THE getaway driver is a great movie archetype, the taciturn professional with an inclination towards the existential. The Driver offered one of the best roles for one-time Hollywood icon Ryan O’Neal, and it was as a getaway driver in Drive that another Ryan, Gosling, became one of today’s most popular stars.

Such films tend to lean towards the gloomy. Until now. In the hands of the effervescently imaginative writer/director Edgar Wright, a very different getaway driver is at the heart of a stylish, fantastically exciting and oddly endearing action romance. Baby Driver feels at once familiar and new, a well-worn template that has been reconstituted with the foot down and the volume turned up.

“Baby” (relative unknown Ansel Elgort) is a sweet-faced and good-natured young man who just happens to be a phenomenally good driver. He’s also under the thumb of Doc (Kevin Spacey), a crime kingpin who looks like a bank manager but hires scary guys to do his bidding. Doc devises the plans for numerous robberies, for a changeable crew but always his trusted Baby behind the wheel.

On the surface, the lad meets many of the stock characteristics: he’s a silent loner, aloof from the rest of the gang. But he’s also barely out of short trousers. And, his signature trait, he is never, ever without his iPod and earbuds. Baby not only drives to carefully selected tracks for each job – The Damned for this bank, Queen for that – but he walks and even talks along to a personal mix.

This is Wright’s central conceit – music is both integral to his character’s life and the film’s motor. And while it would be easy to expect the result to be superficial, the sheer ingenuity on display in the script, characters and filming style saves Baby Driver from the potential pitfalls.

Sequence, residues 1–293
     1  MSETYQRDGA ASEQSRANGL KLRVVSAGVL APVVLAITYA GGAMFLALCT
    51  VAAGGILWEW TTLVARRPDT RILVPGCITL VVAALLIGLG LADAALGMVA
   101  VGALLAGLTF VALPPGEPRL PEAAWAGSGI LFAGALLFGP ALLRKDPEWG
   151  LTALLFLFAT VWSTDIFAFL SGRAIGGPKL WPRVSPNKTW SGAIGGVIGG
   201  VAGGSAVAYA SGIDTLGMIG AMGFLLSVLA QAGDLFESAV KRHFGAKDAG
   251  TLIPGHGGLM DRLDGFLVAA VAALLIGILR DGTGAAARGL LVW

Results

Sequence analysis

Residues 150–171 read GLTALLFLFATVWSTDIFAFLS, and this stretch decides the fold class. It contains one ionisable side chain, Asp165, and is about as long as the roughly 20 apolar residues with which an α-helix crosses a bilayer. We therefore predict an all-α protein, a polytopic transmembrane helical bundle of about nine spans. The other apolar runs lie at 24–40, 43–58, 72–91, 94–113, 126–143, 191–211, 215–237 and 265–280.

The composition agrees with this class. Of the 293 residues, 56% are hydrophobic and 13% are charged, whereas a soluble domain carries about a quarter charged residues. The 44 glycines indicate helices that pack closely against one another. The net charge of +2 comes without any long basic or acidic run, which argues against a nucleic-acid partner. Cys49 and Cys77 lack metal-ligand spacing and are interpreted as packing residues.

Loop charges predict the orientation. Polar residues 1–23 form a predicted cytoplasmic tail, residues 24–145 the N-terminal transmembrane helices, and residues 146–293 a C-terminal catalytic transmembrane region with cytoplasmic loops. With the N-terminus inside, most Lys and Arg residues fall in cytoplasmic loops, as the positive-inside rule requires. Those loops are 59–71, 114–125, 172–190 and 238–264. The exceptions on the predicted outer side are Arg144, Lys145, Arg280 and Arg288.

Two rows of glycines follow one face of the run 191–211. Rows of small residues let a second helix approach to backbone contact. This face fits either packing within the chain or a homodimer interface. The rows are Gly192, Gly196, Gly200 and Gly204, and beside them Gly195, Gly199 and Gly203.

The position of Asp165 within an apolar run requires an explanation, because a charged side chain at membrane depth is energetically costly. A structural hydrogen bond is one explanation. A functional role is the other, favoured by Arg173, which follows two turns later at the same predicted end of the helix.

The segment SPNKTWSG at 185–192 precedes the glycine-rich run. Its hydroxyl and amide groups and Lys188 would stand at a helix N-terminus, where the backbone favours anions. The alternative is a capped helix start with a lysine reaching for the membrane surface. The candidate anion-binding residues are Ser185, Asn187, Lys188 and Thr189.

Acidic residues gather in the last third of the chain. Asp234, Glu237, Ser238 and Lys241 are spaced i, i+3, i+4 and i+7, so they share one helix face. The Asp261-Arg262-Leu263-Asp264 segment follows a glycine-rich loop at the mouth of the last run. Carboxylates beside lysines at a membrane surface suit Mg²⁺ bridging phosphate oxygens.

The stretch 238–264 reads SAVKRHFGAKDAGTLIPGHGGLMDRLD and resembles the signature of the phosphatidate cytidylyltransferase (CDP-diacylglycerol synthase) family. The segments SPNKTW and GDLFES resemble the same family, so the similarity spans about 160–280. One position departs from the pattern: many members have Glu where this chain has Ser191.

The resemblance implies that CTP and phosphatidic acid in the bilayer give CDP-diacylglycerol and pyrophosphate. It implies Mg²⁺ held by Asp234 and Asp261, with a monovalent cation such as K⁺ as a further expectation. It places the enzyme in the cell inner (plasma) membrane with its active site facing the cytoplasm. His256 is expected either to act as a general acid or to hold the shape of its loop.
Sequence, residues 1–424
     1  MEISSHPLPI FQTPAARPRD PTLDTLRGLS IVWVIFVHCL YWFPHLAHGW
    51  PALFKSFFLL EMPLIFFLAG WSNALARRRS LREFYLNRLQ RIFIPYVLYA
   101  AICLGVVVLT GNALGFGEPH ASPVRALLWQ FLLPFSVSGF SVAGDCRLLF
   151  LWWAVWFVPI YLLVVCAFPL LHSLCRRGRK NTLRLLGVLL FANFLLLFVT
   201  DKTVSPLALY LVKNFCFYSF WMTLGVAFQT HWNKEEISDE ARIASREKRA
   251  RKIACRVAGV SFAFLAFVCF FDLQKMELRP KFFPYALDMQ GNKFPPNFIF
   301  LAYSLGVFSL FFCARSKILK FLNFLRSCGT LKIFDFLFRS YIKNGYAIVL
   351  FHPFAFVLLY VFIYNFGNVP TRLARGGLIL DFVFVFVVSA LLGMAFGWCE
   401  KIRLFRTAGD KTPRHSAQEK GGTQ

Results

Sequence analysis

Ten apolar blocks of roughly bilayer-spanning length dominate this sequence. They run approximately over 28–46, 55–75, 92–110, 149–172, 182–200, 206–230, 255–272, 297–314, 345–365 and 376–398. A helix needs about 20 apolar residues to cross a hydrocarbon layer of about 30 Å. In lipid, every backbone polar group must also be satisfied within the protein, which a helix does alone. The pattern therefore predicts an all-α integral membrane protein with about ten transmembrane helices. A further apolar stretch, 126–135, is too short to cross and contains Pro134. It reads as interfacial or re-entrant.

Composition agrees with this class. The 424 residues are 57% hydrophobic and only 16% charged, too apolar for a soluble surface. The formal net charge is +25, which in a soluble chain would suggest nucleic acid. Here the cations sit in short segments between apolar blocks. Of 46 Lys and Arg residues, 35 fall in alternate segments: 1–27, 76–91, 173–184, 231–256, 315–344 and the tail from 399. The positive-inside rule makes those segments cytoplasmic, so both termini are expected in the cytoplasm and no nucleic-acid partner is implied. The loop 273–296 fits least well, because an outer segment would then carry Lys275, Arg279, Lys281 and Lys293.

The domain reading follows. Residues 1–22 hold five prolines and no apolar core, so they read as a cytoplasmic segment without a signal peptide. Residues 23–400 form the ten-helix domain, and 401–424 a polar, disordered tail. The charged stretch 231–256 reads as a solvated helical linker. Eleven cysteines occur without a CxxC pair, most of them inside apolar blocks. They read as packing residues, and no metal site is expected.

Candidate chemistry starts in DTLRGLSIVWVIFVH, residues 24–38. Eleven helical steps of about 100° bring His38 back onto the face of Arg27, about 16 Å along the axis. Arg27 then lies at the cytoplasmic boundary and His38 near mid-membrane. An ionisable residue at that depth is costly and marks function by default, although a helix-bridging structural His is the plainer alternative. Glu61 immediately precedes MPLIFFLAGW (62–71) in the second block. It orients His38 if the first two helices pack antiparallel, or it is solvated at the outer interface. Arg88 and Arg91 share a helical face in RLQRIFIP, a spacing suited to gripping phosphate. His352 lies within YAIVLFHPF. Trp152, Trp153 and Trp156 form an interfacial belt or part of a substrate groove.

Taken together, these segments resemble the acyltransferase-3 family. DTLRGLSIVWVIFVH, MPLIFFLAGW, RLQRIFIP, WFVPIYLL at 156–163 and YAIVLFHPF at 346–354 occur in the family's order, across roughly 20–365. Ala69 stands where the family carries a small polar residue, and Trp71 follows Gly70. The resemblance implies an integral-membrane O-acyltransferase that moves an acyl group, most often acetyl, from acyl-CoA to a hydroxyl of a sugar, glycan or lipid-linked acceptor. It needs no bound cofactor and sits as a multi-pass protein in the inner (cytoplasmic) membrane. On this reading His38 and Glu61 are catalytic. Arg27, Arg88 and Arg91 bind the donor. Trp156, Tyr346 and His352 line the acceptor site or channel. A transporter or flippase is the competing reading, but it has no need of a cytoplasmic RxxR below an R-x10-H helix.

Though seemingly lost in his own world, Baby is an intriguing young man, sharp as a tack. An orphan, he actually looks after his guardian, an elderly, deaf gent with whom he communicates using sign language (another neat riff on the aural theme). There is a poignant connection between the death of his parents, his dependency on music and his perfectionist driving. Baby’s desire for the next job to be his last is heightened when he falls in love with diner waitress Debora (Lily James). But it doesn’t seem as though Doc will ever let him go. And everyone’s future becomes far less assured with the introduction of new gang member Bats (Jamie Foxx), a psychotic who will almost certainly put a spanner in the works of that next job.

Wright has made a career from taking different genres and breathing fresh, usually comic life into them: the zombie movie (Shawn Of The Dead), the corrupt cop movie (Hot Fuzz), the midlife crisis movie (The World’s End). Here, the combination of Baby’s constantly choreographed life and the muscular crime action makes Baby Driver feel like a dazzling mash-up of Heat and La La Land.

The performers play along with the heightened genre surfing, with James pushing her character’s wide-eyed innocence over the top, Foxx his character’s psychotic posturing, even Hamm – best-known as the restrained Don Draper of Mad Men – letting his hair down alongside Eiza González as a Bonnie and Clyde couple. In contrast, Spacey and star-in-the-making Elgort’s deliberate underplaying keep the film anchored.

Cinematographer Bill Pope famously helmed The Matrix films. His work here, particularly on the driving sequences, feels just as kinetically cutting edge and thrilling. Despite a slightly saggy middle section, the only time when the film feels clichéd, Baby Driver is top gear entertainment.

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